Shortly after that, I felt nauseous. Now according to my husband and Courtney, I mostly appeared asleep or unconscious except for the low occasional moans. So when I started pulling my oxygen mask off and the nurse was there telling me that I needed to leave it on. I told her I was going to throw up and she handed me the little pink kidney shaped bowl/spittoon. I shook my head and tried to ask for something else, but before I could I vomited all over the nurse, our poor doula, myself, the bed, the floor. . . They were all pretty shocked since I had been lying there so "peacefully" before! The nurse decided to check me again before she left and I was 7 cm. She went to go change her scrubs. Just then the door opens to my room and I heard this simpering sweet voice say, "Knock, kno-ock!" Great, the in-laws were coming on in! Everyone was covered in vomit. My legs were up and open wide, and IV pole between them, with the cords and catheter taped on my thighs. My bottom was pretty much on display and I was feeling particularly vulnerable and annoyed! My contractions now were continuous and all of them were off the charts (over 200mmHg). Luckily, our doula, Courtney was the closest and she intercepted them very effectively and guided them back out. She also left with them to go change shirts, so Mike and I were alone. It was 4:47. After a few minutes, my contractions let up briefly. I was so relieved! I remember looking up at him for the first time in an hour and smiling.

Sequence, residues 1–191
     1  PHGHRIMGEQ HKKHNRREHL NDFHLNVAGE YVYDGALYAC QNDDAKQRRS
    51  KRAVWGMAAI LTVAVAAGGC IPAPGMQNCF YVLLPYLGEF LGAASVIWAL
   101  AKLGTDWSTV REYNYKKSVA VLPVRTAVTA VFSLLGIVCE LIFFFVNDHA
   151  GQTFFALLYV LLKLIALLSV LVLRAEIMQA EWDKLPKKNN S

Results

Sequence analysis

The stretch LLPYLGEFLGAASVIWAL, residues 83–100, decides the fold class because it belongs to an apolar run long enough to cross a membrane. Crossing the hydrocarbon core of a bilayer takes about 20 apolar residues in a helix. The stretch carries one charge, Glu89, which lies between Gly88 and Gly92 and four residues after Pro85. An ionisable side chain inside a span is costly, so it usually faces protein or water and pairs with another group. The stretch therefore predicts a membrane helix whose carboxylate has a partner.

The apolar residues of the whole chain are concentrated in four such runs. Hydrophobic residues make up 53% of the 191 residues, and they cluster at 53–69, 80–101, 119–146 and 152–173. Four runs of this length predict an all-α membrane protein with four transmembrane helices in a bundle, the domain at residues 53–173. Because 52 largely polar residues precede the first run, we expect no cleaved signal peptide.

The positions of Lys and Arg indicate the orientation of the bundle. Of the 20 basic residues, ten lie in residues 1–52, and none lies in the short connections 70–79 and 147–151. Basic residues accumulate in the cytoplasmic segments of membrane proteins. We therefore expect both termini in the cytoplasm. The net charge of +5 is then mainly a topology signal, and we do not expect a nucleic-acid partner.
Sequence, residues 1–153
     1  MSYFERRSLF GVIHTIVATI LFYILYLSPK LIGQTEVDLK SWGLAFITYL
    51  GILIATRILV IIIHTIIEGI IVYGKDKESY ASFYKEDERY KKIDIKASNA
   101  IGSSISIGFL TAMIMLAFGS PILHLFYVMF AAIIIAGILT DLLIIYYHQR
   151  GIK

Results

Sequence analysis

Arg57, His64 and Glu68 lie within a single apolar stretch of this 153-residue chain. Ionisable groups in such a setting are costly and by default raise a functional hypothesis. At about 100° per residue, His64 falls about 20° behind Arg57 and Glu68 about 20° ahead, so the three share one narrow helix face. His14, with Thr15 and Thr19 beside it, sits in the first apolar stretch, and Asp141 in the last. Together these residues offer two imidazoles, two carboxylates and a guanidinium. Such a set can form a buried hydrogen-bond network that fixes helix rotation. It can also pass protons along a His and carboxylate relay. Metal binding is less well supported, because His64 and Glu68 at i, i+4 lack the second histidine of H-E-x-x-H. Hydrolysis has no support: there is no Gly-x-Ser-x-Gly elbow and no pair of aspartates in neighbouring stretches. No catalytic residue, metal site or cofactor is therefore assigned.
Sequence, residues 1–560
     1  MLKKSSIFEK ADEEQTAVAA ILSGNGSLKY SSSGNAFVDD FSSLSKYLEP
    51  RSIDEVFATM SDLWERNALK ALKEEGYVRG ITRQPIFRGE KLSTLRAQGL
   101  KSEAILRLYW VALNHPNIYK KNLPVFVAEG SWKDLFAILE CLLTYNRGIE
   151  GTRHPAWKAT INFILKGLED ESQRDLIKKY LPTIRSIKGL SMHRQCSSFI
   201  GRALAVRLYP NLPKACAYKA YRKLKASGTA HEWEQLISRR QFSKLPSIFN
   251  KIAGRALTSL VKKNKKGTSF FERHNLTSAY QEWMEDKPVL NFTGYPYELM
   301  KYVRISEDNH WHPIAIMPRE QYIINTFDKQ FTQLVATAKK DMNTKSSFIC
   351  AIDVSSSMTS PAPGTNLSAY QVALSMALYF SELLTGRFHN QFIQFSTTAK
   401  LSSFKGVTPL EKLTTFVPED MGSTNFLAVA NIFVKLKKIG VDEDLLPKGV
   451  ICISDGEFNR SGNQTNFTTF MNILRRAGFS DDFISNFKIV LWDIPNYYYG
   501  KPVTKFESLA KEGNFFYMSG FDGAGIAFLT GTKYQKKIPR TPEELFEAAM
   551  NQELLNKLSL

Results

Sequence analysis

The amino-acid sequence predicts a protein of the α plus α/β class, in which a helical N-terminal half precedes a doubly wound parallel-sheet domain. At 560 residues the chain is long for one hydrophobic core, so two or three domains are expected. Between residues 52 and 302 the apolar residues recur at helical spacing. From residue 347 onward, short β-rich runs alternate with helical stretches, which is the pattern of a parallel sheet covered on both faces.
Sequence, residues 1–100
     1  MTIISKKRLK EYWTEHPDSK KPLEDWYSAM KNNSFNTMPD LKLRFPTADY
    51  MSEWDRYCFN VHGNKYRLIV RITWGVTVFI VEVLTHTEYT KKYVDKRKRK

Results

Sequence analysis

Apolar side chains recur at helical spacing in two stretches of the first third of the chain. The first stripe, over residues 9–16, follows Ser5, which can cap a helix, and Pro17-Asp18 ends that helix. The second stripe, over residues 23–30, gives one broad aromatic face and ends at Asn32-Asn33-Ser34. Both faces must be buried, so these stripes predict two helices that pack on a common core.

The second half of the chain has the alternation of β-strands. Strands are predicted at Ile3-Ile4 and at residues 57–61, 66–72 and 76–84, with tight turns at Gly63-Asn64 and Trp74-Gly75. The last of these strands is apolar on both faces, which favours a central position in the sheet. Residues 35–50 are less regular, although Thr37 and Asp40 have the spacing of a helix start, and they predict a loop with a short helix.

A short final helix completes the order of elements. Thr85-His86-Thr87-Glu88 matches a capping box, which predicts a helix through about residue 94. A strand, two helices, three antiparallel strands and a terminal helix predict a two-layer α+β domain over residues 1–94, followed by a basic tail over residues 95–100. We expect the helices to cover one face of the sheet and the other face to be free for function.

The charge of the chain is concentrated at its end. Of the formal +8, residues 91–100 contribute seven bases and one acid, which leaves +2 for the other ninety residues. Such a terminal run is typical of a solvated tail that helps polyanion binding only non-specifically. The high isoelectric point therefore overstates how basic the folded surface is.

Then suddenly the "pushing" started. It was like dry heaving, so much pressure! I could not stop it. Courtney came back in and saw what was happening and paged the nurses station. The nurse came and everyone was telling me to just relax and not to push, but I honestly could not control anything at that point. Courtney asked the nurse to check me and she said she would check me in 5 minutes. Courtney calmly looked at her and said, "Maybe you should check her NOW!" She obliged. Another contraction hit while she was checking me and the baby was crowning and there was only a lip of a cervix left. She held it back through the contraction and I was complete. She asked my husband to punch the button and nearly yelled, "I need a doctor in here! Now, now, now, now, now!" About that time, the monitors all went haywire and 2 doctors(blue scrubs), 4 nurses (pretty patterned scrubs), and 9 NICU staff (bright canary yellow) came filing into the room. They put ups the side rails shifted my IV lines and were preparing me for transport, when finally the on-call doc looked at me and said (in his heavy South African accent) "Stop! This baby is coming out vaginally." I was in the middle of a contraction and he started asking for the vacuum. My doctor walks into the room, just in time to do a quick episiotomy (I was never more thankful, my labia was tearing upward!) and catch the baby. He told me just to push, that we weren't going to wait for a contraction. There was blood everywhere and out she came about 10 seconds later. She was born at 5:04 pm November 30, 2004. I briefly saw the baby as they were pulling her out and cutting the cord. She was blue and lifeless (initial APGAR 3) and they whisked her away to the little isolette table. Then she cried! I was sooooooo relieved. One of the doctors asked Mike if he would like to go see her and he got to carry her to the NICU where they did her assesments and suctioned her lungs. The meconium had not made it passed her larynx and vocal cords so she was declared to be just fine.